Its recommendations were as follows:

• The report acknowledge economic activities and jobs related to recreational and commercial fishing (in the Great Lakes basin alone, the fishery is worth more than $7 billion annually and supports tens of thousands of jobs);

• The report clarify the administration's intent to pursue a conservationist policy rather than a preservationist or restrictive policy; and

• The national policy recognize the deep connection Americans have with natural resources and imply that action plans developed through this process aimed to respect that heritage and protect needs of those engaged in fishing, hunting, and other recreational activities.

Additionally, say industry insiders, the task force should consider that commercial fishing accounts for 97 percent of fish harvested, with recreational angling taking just 3 percent.

They add that anglers need to keep their voices loud and the message coming, both through e-mails at KeepAmericaFishing.org and by attendance at the meetings in Cleveland.

"Oct. 17 was the deadline for sending e-mails to the Council on Environmental Quality (which leads the task force)," Robertson said. "But it's still really important to keep sending those e-mails. They will be forwarded to the members of Congress representing the people who wrote them. The more letters they get, the more they are likely to realize how important this is."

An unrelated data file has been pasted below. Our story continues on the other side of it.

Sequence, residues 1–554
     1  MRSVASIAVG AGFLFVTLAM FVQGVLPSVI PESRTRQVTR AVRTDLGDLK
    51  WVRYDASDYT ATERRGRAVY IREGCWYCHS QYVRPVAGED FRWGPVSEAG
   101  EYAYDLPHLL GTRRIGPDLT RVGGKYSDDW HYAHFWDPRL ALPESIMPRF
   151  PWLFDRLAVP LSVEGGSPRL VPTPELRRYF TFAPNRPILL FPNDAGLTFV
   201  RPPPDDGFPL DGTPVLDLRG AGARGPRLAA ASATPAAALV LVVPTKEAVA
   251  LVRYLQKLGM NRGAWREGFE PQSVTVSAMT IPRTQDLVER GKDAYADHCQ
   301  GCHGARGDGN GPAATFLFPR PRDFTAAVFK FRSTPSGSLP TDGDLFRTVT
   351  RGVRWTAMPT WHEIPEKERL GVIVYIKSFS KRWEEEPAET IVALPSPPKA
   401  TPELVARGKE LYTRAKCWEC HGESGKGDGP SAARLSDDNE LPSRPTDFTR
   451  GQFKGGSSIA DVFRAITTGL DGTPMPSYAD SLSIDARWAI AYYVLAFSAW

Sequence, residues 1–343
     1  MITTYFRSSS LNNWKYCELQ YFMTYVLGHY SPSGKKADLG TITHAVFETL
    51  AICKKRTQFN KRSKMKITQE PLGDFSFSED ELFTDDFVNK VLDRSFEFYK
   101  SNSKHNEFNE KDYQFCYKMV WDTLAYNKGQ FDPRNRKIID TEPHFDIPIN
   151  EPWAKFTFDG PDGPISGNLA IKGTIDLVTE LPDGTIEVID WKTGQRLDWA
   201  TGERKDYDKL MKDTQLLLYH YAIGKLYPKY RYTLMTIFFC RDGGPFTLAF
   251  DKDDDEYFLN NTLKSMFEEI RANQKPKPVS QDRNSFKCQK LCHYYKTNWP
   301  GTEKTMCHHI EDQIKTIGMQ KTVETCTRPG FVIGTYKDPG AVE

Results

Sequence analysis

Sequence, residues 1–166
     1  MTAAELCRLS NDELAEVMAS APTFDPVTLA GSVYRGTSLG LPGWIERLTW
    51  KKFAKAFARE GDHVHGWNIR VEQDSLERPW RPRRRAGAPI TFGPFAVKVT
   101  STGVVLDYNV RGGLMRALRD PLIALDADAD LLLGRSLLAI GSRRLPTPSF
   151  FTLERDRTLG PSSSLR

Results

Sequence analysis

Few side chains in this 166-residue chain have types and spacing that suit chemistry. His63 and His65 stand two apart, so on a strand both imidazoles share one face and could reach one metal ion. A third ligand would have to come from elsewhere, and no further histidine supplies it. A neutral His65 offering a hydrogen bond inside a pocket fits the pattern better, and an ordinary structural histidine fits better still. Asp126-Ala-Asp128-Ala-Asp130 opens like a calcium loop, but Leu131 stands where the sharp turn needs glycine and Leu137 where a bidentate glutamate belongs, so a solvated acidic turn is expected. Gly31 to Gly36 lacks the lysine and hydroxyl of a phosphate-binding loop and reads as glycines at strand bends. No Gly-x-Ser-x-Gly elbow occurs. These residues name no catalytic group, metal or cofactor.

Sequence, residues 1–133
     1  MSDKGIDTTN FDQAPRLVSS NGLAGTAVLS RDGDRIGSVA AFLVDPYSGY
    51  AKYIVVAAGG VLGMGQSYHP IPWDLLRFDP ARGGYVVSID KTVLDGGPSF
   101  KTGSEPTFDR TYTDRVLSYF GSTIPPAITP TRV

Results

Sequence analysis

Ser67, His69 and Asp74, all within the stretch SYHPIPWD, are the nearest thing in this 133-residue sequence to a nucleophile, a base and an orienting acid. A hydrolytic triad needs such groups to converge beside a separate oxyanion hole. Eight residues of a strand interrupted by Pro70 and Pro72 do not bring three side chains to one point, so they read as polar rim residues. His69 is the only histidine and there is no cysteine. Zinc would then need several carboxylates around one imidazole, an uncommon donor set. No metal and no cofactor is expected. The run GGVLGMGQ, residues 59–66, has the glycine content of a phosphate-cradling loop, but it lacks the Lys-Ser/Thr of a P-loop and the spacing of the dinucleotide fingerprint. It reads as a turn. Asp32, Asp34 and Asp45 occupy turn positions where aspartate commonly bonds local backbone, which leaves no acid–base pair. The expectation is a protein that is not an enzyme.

Horton concluded, "We all want to see healthy waters and strong fish populations, but we want to continue to be able to enjoy them as well. And we can't afford to lose all the valuable contributions that recreational anglers make to the resource."

For more information

Find out more about the battle for public waters at KeepAmericaFishing.org, a web site maintained by the American Sportfishing Association.

To learn more about the Interagency Ocean Policy Task Force and its Interim Report, click here.